When a few firms control a particular industry (such as cardboard box making or grocery retailing) then that industry is said to be an oligopoly, as opposed to a monopoly (where there is only one firm) or competition (where there are many, many players).
Economists look at oligopolies as though they were participants in a game. And economists study their behaviour using “game theory”.
Game theory is a means to make sense of a firm’s strategic conduct. It looks at the behaviour of one firm, taking account of expected actions of other firms in reaction to, or in anticipation of, the conduct of that one firm. “Actions” are decisions that impact on pricing, output or, advertising.
Interdependence between the firms is emblematic of an industry characterised by a few dominant players. Given the behaviour of one, significantly impacts the conduct of another, industry players usually focus more on their rivals than on their customers. They constantly devise and refine strategy, so as to maximise profit and to improve market share.
Games played by oligopolies have four features in common: the terms of an (illicit) agreement between the players; the different actions available to colluders; the array of possible consequences available; and the industry-wide consequences.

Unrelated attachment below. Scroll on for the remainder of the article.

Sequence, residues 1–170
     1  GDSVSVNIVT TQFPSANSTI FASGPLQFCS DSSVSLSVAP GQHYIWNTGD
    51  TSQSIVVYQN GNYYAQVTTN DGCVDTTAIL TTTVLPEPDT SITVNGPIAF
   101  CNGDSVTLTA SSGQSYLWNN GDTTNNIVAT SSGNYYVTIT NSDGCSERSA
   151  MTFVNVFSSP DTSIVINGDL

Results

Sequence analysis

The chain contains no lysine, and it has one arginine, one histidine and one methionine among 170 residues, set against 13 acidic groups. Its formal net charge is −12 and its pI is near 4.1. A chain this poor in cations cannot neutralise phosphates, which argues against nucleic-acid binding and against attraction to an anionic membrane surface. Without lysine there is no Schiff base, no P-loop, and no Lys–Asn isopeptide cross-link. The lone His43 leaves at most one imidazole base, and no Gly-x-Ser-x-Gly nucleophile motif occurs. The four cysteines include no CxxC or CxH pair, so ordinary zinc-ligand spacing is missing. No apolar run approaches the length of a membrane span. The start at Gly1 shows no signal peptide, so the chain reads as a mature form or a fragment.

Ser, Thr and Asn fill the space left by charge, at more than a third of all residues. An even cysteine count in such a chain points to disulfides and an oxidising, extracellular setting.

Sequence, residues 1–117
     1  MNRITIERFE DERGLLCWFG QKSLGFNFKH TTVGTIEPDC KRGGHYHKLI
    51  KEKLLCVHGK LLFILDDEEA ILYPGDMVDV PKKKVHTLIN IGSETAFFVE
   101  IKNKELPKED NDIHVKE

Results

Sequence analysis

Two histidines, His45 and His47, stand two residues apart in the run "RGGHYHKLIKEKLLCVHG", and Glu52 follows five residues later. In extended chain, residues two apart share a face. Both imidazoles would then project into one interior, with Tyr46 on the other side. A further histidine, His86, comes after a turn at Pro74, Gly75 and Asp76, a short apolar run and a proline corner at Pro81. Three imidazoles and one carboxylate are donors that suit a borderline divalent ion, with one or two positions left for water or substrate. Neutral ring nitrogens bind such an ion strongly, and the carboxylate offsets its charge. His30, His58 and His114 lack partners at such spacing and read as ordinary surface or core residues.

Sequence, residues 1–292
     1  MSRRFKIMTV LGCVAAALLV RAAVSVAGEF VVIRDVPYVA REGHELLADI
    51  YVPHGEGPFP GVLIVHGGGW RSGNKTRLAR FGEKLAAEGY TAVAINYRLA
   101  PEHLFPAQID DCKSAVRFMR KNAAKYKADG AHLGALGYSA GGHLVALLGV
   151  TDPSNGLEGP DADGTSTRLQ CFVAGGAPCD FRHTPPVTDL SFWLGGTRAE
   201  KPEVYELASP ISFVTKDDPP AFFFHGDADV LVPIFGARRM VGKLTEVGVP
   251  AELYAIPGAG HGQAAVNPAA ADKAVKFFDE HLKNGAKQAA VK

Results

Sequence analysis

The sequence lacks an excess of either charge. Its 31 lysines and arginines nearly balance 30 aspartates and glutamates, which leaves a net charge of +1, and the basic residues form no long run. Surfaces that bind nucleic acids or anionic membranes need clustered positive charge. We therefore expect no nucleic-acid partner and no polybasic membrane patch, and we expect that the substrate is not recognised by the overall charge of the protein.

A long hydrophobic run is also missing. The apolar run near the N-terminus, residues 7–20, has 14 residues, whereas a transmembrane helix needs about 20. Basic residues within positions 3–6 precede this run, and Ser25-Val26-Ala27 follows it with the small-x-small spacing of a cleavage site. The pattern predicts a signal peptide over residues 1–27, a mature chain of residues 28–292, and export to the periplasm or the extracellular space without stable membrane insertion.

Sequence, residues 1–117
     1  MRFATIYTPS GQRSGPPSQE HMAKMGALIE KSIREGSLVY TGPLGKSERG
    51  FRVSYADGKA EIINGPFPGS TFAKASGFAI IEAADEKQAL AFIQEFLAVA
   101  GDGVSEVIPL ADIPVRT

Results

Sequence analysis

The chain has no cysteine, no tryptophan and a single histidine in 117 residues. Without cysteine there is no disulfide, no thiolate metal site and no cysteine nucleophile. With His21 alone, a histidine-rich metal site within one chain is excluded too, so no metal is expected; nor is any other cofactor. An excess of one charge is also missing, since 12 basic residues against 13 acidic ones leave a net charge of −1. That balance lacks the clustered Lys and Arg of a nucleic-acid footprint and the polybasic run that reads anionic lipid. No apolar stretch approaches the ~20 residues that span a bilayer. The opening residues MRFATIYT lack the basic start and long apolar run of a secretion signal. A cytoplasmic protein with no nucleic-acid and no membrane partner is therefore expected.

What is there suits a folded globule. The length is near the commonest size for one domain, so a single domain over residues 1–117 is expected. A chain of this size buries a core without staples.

While there are several types of games oligopolies play, let’s focus on just one type: price fixing games, as practiced by Visy Industries and Amcor.
Tricky Dicky, the billionaire owner of cardboard box maker Visy Industries has admitted involvement in an illegal price fixing and market sharing arrangement with rival box maker Amcor. Mr Richard Pratt’s mea culpa and the (relative) pocket change (being $40 million) in fines that he’ll have to pony up, constitute a major coup for the Australian Competition and Consumer Commission, which has been chasing Mr Pratt and Visy for illegal conduct that took place in the four years to 2004.
From an economic perspective, just what did Visy and Amcor do that was so horrid?
Visy and Amcor ran a scam (affectionately known in corporate Australia as a “cartel”), where prices for cardboard boxes were agreed to, and the market was divided (on a wink and a nod) between the two operators. The two commanded over 90 per cent of the market (Visy claims that it had 60 per cent and its rival 33 per cent). But who knows what the split between Visy and Amcor really was.
A comprehensive study of oligopolistic behaviour requires knowledge of costs of production of cardboard boxes; the strength of customer demand for the products; and willingness of the firms to collude so as to maximise profits.
For ease of argument, let us assume:
- that the costs of production are lowest if two firms dominate the industry, as opposed to one firm or three firms;
- that demand by local customers (such as food manufacturers Cadbury Schweppes) is strong as they have no where else to go and must shop at Visy or at Amcor; and
- Visy and Amcor freely and willingly entered into and engaged in illicit and outrageous market behaviour.
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